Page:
The equity mission of California’s community colleges necessitates liberating the 72 districts and 114 colleges to decide locally whether or not to offer baccalaureate degrees. California’s public community colleges are the most ethnically and socioeconomically diverse higher education institutions in the state, and their geographic reach—almost 90 percent of Californians live within 10 miles of a community college—is unparalleled.
Welcome to 72 STRONG
72 STRONG is a blog written by the Community College League of California featuring California's 72 community college districts. The blog provides a platform for the League and its stakeholders to address timely and relevant issues that impact higher education and California's Community Colleges. We invite you to read our latest post.
During the Free Speech in Focus Workshop on Friday, September 22nd at Pasadena City College, I had the honor of participating in a panel discussion alongside Cal State Fullerton Political Science Professor, Jodi Balma; Dr. Earic Dixon-Peters, Vice President of Student Services at Pierce College; Attorney Sharon Ormond from Atkinson, Andelson, Loya, Ruud & Romo; and Peter Eliasburg, Chief Counsel for the ACLU of Southern California.
As the contested holiday of Labor Day is recognized on this first Monday in September, California’s Community Colleges are at an interesting point in their century-old history especially as it pertains to our mission and students’ professional lives. (I use the term professional life rather than workforce both to avoid the connotations of workforce as managed employees in replaceable positions, and to focus on the distinction between private life and the hours for which individuals receive compensation for their labor).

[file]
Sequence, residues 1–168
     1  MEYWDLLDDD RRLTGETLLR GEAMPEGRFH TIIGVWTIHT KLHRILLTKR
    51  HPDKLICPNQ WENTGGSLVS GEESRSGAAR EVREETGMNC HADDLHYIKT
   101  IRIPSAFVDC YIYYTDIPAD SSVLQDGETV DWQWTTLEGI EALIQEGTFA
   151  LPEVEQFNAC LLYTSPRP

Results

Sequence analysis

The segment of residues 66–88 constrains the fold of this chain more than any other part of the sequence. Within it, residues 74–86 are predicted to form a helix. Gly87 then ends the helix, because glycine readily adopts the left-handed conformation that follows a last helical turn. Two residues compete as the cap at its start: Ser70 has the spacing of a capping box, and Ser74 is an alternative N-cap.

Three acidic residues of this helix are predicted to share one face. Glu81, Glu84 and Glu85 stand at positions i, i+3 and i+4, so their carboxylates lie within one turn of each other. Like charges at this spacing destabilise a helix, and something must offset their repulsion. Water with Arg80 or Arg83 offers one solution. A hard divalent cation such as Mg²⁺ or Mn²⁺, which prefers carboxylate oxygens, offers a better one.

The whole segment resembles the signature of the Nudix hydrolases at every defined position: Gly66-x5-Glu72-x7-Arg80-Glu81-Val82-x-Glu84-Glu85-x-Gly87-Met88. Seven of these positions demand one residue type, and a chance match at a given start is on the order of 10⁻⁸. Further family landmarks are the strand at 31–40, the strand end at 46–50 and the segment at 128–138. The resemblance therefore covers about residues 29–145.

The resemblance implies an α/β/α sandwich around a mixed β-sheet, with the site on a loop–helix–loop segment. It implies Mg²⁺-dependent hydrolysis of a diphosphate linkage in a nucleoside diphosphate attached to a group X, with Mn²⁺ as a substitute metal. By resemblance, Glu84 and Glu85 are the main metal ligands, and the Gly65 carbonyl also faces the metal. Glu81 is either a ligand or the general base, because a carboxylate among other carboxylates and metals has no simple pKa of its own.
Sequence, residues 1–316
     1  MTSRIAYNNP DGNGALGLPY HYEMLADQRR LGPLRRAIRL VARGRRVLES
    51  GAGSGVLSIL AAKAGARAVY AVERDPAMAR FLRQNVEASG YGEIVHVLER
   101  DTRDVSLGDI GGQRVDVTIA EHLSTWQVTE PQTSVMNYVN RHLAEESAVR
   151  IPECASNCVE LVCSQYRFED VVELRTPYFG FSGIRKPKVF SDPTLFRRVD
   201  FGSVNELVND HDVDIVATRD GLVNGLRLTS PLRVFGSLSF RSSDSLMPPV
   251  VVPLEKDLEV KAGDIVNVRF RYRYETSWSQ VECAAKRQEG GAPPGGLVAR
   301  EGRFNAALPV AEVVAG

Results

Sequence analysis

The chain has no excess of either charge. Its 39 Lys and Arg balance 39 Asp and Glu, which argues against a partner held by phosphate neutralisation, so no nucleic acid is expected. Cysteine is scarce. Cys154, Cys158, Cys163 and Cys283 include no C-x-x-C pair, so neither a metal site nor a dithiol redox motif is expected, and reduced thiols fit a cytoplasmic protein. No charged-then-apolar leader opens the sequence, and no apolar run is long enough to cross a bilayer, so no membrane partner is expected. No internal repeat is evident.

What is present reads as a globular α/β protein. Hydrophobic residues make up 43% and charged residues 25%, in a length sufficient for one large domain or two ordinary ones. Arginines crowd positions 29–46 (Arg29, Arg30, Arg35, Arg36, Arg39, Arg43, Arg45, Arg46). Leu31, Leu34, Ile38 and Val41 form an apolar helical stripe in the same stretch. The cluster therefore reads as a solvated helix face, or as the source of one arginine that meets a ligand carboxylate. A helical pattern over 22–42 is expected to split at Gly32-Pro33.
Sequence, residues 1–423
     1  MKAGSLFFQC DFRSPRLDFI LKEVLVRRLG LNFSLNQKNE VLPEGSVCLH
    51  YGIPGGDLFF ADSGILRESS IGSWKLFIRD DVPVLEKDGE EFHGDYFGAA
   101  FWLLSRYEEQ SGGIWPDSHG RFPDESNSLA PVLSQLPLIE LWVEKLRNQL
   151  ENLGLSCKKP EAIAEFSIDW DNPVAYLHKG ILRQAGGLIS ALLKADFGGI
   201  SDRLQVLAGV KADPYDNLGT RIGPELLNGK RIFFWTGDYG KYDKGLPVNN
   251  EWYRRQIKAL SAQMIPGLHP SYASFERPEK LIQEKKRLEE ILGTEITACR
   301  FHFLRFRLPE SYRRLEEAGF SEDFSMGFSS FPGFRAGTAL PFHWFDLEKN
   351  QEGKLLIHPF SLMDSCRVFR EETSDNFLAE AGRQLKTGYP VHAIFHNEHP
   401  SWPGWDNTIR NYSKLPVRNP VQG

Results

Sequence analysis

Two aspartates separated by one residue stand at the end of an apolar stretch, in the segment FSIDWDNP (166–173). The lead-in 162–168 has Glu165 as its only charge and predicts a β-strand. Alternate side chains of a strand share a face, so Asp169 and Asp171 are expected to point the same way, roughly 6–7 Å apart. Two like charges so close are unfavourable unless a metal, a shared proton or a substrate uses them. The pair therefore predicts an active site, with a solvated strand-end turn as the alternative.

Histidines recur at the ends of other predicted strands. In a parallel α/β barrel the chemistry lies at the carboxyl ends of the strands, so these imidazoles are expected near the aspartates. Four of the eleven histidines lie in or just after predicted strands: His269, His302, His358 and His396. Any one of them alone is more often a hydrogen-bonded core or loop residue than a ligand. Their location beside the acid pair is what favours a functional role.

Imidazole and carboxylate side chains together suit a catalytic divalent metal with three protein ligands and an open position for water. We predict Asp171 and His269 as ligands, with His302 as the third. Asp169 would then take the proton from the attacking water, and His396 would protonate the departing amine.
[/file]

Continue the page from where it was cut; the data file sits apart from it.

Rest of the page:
In June, California community college CEOs gathered for the 2017 CEO Leadership Academy, designed specifically to address the unique challenges and opportunities confronted by leaders of California Community Colleges.
What enduring qualities and conditions are critical to the efficacy of future college presidents?
What new qualities and conditions will be required for effectiveness in the future?
In light of these qualities and conditions, what needs to be done to strengthen the college presidency?
What constitutes an efficacious academic program of study? What should an undergraduate student of political science, engineering, art history, or nursing read, do, and experience to earn a certificate or degree?
At the 2017 Association of Community College Trustee's (ACCT) National Legislative Summit (NLS) held February 13-16 in Washington DC, California brought a Community College delegation befitting the largest public postsecondary system in the US.
The January 27, 2017 Executive Order suspending entry of nationals from seven majority Muslim countries serves to renew and reinforce the League’s commitment to the multinational, multiethnic, and extraordinarily diverse student body attending California’s 114 Community Colleges.
The League's recently crafted organizational vision statement, “Quality Public Community Colleges for All Californians” appears especially apt in this post-election environment; both for its mention of all Californians, and its considered use of the modifier public.
Similar to districts and colleges, the League's reconceptualized Strategic Plan maintains fundamental elements of its mission, yet important changes reflect deliberate and considered choices emerging from the planning process.
On November 1st, I participated in an Informational Hearing of the Senate Budget and Fiscal Review Subcommittee on the status and implementation of Senator Marty Block’s 2014 legislation establishing the community college baccalaureate degree pilot program. The hearing took place at San Diego City College’s Corporate Education Center and was hosted by Chancellor Constance Carroll and the San Diego Community College District.